Painting - "Memory"

October 30, 2007
By Joe Meeks, Montpelier, VT

Rene Magritte:
Review of the painting known as Memory
Magritte was a surrealist artist. He had made many small little drawings: none, which had and object that performs the same function as it’s name or image. This made influenced his paintings and made them quite obscure. Magritte often disagreed with the styles and techniques of other surrealist, making his paintings a bit more unique. His paintings would come from rigorous and logical processes of thought while observing everyday life. The objects he painted were always familiar to the viewer; however the links in-between them was harder to perceive. His paintings became well known around the world; even CBS made their symbol (An eye) from one of his paintings. Now that you have some idea of Magritte and his style, I will bring you into depth on one of my favorite paintings.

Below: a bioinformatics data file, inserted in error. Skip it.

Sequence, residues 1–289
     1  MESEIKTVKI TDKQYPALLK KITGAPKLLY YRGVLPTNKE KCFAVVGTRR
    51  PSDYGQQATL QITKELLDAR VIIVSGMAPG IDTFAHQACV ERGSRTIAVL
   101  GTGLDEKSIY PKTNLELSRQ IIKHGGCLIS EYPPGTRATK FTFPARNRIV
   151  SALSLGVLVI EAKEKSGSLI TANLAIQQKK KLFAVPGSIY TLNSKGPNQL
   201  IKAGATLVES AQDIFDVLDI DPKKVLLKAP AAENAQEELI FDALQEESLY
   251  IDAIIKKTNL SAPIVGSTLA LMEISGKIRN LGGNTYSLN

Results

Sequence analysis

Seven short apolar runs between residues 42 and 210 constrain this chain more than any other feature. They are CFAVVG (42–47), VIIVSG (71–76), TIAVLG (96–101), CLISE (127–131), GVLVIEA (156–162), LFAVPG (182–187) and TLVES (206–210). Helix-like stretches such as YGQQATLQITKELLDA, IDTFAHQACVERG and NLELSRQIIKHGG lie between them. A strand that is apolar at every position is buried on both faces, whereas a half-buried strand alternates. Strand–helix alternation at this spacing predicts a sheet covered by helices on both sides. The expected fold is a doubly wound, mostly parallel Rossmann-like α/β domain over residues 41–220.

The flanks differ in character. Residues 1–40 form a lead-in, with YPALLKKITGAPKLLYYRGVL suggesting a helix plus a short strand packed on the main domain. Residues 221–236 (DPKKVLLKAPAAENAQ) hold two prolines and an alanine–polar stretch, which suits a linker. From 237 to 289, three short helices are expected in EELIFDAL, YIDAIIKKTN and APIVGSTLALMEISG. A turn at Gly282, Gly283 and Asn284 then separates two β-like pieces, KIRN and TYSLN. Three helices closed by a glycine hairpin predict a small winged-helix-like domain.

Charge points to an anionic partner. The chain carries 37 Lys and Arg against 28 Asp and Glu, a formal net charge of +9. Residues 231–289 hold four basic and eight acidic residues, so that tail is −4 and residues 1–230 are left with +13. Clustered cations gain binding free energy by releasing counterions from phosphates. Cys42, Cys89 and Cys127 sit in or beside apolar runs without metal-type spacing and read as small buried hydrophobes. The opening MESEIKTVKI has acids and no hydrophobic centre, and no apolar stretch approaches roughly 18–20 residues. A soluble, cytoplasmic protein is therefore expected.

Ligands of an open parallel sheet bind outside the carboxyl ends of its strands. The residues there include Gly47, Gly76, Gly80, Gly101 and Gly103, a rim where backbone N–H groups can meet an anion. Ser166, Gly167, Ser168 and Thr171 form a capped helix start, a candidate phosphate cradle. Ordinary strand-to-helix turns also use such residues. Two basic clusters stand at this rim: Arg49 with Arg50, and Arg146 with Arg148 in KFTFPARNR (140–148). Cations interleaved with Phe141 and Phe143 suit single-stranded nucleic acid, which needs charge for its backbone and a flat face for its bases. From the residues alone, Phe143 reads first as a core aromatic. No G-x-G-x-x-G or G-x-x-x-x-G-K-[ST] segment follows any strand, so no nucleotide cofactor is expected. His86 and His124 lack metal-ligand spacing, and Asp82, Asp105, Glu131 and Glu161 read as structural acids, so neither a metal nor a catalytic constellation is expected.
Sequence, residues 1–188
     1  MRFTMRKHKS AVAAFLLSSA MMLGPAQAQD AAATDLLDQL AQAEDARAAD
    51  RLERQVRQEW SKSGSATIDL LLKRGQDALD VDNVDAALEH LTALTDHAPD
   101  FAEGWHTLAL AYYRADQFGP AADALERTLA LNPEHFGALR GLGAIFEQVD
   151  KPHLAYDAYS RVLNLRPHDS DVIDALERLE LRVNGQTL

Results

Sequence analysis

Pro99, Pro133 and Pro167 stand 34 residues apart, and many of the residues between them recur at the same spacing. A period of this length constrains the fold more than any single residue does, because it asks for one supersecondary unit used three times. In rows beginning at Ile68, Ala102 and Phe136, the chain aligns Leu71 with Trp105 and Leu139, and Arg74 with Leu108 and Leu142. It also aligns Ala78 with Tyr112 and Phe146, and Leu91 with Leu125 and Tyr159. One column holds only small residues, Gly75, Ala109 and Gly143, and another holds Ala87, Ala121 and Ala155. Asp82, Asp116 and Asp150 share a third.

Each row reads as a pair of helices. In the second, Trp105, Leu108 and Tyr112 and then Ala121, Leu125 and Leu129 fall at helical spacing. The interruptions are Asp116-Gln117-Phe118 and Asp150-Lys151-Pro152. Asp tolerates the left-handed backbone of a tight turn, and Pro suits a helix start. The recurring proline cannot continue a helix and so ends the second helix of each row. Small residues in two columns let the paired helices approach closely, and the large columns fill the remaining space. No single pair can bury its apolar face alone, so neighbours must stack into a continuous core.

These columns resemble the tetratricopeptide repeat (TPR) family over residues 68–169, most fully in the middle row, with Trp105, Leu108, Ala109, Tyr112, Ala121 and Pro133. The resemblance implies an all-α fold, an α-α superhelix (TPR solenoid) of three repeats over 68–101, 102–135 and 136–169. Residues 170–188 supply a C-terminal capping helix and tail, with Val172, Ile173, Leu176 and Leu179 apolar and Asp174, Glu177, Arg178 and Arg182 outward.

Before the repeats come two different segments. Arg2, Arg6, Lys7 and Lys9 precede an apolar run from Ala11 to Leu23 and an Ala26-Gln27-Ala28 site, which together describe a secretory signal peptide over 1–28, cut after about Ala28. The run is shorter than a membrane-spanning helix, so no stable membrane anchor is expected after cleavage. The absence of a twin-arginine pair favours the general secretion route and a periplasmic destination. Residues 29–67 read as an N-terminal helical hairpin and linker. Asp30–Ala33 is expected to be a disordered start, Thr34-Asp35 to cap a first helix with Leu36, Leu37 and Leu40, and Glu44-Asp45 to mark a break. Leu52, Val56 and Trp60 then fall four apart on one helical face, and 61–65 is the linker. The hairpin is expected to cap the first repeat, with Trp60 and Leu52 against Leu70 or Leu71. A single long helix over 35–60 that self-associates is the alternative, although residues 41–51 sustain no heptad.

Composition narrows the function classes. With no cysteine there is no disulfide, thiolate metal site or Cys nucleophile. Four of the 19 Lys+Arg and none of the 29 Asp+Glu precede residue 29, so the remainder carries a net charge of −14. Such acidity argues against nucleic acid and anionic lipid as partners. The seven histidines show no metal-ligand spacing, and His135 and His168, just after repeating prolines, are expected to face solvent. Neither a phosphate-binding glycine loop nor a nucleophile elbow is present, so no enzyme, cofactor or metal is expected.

My favorite painting is known as “Memory”. It’s done with oil paints on a medium size canvas. It doesn’t have too much variety in color, but it does have a good
3-D perception. The painting shows a white statue head next to a wall and a ball out on a never-ending gray, emotionless desert. The statue head is bleeding, as if the ball hit the statue, but statues don’t bleed, which is really spontaneous. The statue is quite quiescent and reposeful; and yet it’s bleeding from the temple. The landscape is really lethargic, showing no life or color. Just looking into that landscape makes you feel morose and just want to fall asleep.

This painting has my views and meanings, but I think it’s the origin of dodge ball.

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